He also cited the federal Ministry of Health’s (MOH) guideline — Annex 2 of Management of Suspected, Probable and Confirmed Covid-19 Case — that states Stage Five Covid-19 patients who still require ICU care beyond 28 days of illness can be discharged from Covid-19 care, based on recent data that infectious viruses have not been isolated beyond Day 20 of illness, even in those critically ill. This means that Covid-19 patients are no longer considered infectious, or able to spread the coronavirus, after 20 days of sickness, even in critical cases.

“Although there is a surge in cases, Sibu Hospital is still able to manage the situation.”

Dr T. Nanthakumar, Sibu Hospital director

According to the anonymous Sibu Hospital source who spoke to CodeBlue, when some critical Covid-19 patients or their family members decide not to attempt any active resuscitation, then these patients are likely to spend their final days in the acute Covid-19 or normal ward. However, before reaching that stage, medical officers will first discuss with family members if the patient is unable to give consent.

“Patients who have very poor premorbid status such as advanced cancers, poor and lung heart function, will be given comfort care as they will not be benefited from critical care,” the doctor told CodeBlue.

The medical officer also said Sibu Hospital has limited ventilators, but some of the equipment that takes over the body’s breathing process when one’s lungs fail can be used for others when some Covid-19 patients improve.

It is to be noted that Sibu Hospital currently manages five PKRC for low-risk patients, with a total of 818 beds and six normal wards with 149 beds. All these treatment centres and wards are covered by Sibu Hospital medical officers.

The doctor also said Sibu Hospital is unable to open a new Covid-19 ICU ward due to limited manpower, facilities, and equipment. According to the doctor, Sibu Hospital’s Covid-19 team has three general consultant physicians, five medical specialists, 60 medical officers from the general Covid-19 team, eight anesthetists, and 16 medical officers from ICU.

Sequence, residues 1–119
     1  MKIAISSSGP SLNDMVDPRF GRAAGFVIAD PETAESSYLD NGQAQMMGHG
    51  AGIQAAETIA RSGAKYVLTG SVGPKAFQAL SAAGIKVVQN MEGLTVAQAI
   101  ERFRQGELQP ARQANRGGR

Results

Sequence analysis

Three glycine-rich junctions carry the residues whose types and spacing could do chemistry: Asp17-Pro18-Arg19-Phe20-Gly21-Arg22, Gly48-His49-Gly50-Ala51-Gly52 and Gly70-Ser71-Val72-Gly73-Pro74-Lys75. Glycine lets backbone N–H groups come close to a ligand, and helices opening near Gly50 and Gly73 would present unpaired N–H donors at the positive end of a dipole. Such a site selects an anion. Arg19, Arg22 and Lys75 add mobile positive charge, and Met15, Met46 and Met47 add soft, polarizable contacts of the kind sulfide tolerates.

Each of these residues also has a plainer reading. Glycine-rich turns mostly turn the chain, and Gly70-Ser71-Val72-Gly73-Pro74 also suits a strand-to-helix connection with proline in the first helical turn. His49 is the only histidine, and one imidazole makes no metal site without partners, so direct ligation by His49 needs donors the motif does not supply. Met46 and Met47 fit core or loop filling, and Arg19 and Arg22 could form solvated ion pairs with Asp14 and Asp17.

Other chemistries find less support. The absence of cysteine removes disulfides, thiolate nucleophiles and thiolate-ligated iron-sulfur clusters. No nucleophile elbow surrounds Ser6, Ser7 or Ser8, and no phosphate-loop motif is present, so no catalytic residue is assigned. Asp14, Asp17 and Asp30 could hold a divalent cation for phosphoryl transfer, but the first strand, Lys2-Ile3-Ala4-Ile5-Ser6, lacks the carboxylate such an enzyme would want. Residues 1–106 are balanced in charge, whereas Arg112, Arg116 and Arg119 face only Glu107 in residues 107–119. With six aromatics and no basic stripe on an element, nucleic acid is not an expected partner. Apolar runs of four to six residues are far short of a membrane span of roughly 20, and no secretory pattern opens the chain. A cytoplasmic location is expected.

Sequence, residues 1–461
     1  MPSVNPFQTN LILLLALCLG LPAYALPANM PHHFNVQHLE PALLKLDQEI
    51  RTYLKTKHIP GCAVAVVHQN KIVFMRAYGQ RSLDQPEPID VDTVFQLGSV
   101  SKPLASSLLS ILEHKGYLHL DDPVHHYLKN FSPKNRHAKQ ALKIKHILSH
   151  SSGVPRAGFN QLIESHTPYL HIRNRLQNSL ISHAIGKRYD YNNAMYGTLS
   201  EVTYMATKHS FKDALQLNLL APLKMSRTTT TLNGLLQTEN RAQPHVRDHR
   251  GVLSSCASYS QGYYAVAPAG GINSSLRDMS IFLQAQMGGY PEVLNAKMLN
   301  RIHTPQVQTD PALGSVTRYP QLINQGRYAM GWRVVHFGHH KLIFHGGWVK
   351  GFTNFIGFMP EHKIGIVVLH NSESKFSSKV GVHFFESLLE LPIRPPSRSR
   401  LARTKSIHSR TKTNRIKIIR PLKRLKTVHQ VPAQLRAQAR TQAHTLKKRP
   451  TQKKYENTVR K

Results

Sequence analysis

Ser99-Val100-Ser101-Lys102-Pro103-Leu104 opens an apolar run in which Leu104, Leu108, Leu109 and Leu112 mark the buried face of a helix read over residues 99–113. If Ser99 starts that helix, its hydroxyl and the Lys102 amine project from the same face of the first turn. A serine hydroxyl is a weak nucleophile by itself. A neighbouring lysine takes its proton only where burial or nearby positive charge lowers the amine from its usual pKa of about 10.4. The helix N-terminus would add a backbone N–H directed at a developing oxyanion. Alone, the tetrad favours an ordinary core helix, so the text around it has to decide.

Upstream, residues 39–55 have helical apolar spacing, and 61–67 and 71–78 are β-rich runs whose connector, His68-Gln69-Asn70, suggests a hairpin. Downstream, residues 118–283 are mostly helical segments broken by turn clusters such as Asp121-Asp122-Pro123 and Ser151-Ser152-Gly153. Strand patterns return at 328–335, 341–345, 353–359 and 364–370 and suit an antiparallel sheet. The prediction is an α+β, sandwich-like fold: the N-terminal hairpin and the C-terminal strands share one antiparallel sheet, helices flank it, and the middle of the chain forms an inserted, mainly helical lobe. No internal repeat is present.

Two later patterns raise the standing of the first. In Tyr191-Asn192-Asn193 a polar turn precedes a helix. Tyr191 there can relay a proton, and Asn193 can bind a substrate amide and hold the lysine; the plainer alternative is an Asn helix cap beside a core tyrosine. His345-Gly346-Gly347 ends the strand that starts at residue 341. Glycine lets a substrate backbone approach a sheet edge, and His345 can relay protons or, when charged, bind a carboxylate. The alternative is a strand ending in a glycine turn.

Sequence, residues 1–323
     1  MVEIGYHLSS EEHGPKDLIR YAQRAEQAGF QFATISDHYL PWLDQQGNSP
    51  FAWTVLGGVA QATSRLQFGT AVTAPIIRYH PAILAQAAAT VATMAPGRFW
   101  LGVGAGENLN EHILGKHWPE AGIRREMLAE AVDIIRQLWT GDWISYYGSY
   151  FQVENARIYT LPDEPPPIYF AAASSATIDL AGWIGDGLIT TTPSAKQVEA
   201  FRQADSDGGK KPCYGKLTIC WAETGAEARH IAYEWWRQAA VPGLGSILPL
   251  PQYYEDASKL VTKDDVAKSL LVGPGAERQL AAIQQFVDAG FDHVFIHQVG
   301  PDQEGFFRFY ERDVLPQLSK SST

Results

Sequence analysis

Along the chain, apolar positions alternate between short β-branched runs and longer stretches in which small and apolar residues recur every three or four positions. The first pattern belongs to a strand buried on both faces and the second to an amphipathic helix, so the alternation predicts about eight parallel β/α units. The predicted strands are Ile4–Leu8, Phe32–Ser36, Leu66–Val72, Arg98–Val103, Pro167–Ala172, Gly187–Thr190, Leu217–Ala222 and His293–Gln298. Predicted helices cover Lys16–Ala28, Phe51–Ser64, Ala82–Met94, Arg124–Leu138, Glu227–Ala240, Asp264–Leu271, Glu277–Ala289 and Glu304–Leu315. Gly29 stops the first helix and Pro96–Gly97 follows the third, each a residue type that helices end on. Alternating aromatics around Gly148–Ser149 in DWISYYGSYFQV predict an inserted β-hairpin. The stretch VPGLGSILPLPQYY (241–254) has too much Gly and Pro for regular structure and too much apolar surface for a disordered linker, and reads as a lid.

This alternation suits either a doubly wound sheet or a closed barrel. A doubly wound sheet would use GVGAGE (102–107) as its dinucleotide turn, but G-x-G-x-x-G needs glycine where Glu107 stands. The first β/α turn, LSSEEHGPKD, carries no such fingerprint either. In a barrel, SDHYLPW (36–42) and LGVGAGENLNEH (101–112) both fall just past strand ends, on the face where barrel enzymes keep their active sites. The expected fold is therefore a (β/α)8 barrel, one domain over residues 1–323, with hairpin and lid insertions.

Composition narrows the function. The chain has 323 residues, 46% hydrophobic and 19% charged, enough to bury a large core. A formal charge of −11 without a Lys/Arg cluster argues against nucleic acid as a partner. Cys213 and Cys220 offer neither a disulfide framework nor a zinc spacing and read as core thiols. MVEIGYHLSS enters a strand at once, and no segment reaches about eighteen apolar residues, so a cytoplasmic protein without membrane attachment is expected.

“Sibu Hospital is still a hybrid hospital which also treats non-Covid patients. With this hybrid system, our doctors in Sibu Hospital have reached their breaking point,” said the doctor.

“We are tired, exhausted, and burnt out. Our aim as doctors is to provide the best standard of care to every patient in the hospital, regardless of race, nationality, and status. If this continues, I believe the standard of care will drop tremendously.”

Anonymous Sibu Hospital doctor

“We need manpower, so that the current batch of workforce are able to take turns to rest.”

Last week, Health Minister Dr Adham Baba announced that an estimated 300 to 500 health care workers, including doctors, nurses, medical assistants, and lab technicians, will be deployed to Sarawak from various parts of Peninsular Malaysia.

According to SDMC’s Covid-19 report, Sibu reported 1,251 new Covid-19 cases in the past 14 days as of yesterday, the second-highest in Sarawak behind Bintulu’s 1,532 new infections detected in the same period.

Over the past fortnight, from April 9 until 22, Sarawak reported 7,325 new Covid-19 cases, comprising a quarter of 28,935 nationwide cases in the same period. Sarawak also reported a record high 960 fresh infections on April 16. From April 9 to 22, Sarawak recorded 29 of the nation’s 99 official Covid-19 deaths.